When Volkswagen put the trademark paperwork in for a suite of new electric car names alongside the launch of AC conversion kits for existing fuel cars, it raised a lot of eye brows.
E-Samba, E-Beetle, E-Golf, and E-Classic (among others) are all names set aside for the German based car makers fuel-free future plans; and conversion kits to be it’s bridge for the existing stable of cars. Now that the formalities are done, the question now is: what will happen to the classics we’ve grown up with?
While there is no news on when these models could officially come to fruition, it’s a rare insight into the boardroom of a major car maker. Clearly they’re thinking fuel will inevitably be replaced with AC and are getting their plan B in “early”.
For the average enthusiast, the thought of a silent engine in a classic car is almost too much to think about. The sound, smell, and handling can’t be substituted with magnets and AC power. Combined with the look and feel, these features are what make the cars we all know and love truly “classic”.
It is a reality check though. As much as car enthusiasts (myself included) would love to maintain the status quo, climate research is pushing the public and, as a result, car makers to look to the future. And that future shows early signs of a booming EV sales.
Take a look at EV car sales for example. In 2010, there were only 17,000 EV purchases made globally. Fast forward to 2019 and sales grew to 7,200,000 as China, Europe and the United quickly adopted the technology. Even though this still only represents 2.6% of global sales, it shows a quick shift in how we buy cars.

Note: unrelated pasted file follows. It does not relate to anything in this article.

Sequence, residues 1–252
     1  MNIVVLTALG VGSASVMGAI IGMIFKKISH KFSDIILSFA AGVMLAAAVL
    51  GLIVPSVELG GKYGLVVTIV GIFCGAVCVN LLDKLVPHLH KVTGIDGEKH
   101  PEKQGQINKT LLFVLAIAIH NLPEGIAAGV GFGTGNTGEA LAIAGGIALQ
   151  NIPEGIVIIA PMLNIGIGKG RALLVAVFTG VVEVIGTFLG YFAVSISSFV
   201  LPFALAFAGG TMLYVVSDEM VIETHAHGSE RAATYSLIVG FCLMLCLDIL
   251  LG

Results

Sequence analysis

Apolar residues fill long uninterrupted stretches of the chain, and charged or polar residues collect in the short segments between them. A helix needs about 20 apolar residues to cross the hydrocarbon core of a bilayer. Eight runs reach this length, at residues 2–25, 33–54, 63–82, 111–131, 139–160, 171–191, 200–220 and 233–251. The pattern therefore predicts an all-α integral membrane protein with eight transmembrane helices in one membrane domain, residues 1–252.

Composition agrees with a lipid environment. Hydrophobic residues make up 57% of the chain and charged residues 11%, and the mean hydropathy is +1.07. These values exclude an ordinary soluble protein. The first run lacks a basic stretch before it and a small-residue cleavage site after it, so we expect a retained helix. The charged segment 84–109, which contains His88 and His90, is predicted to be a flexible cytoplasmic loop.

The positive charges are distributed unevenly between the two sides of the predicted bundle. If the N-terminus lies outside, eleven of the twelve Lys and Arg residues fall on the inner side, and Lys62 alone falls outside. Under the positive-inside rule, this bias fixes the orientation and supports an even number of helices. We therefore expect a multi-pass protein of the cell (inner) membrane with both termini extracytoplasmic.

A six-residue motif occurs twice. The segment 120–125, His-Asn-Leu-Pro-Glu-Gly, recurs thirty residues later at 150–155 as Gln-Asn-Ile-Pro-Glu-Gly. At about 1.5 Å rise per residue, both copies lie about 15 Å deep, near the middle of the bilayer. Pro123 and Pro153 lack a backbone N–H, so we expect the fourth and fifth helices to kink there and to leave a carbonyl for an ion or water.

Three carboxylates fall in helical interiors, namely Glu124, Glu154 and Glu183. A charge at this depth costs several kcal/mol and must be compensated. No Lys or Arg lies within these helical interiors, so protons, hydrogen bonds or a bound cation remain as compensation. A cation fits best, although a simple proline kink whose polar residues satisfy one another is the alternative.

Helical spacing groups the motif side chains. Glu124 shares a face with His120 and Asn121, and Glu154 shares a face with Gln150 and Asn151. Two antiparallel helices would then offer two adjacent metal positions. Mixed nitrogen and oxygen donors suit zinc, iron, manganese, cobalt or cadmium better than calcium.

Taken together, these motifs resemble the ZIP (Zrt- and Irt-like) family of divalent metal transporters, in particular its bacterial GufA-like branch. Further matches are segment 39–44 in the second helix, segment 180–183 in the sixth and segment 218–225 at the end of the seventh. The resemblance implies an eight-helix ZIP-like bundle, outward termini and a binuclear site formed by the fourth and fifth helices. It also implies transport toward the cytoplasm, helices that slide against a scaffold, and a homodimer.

Australia is no different. The Tesla Owners Club believe local stock levels of the vehicle have grown 333 per cent in recent months in response to sales. That coupled with greater accessibility to AC charging stations, means the foundations are being laid.
Australia is still a fair way behind countries in Europe and the US, as many of them have legislated mandatory sales quotas of EV’s in the next few years. Don’t be surprised if Australia doesn’t follow suit with similar legislation in the next 5-10 years.
Classic-EV conversion companies have grown in recent years, and will likely continue to as the technology becomes cheaper and more available. Volkswagen, who are investing billions into their future electric plans, have partnered with EV-conversion company eClassics. The German EV company, known for its electric Beetle and Kombi kits now has the backing of Volkswagen itself with the addition of their sales network as well as genuine parts and servicing support.
For enthusiasts, an obvious drawback of the EV revolution is that it could spell the end of the road for their classic or sports car. A petrol-driven combustion engine is the heart and soul of these vehicles, and it’s unlikely their owners would feel that same magic behind the wheel of a battery-powered iteration. While being an interesting compromise, swapping out petrol-drivetrain for a completely electric one for sports cars is daunting for the traditional enthusiast. While this ‘transplant’ would make the car a completely different machine, it would allow it to be ready for a changing world – one where petrol won’t be around forever.
The future seems like a scary place for car enthusiasts, particularly those fond of the classics. I’ll admit that it will be a sad day if/when the petrol bowser is turned off for good, but if it happens in my lifetime I’d rather a classic with an EV drivetrain than no classic at all.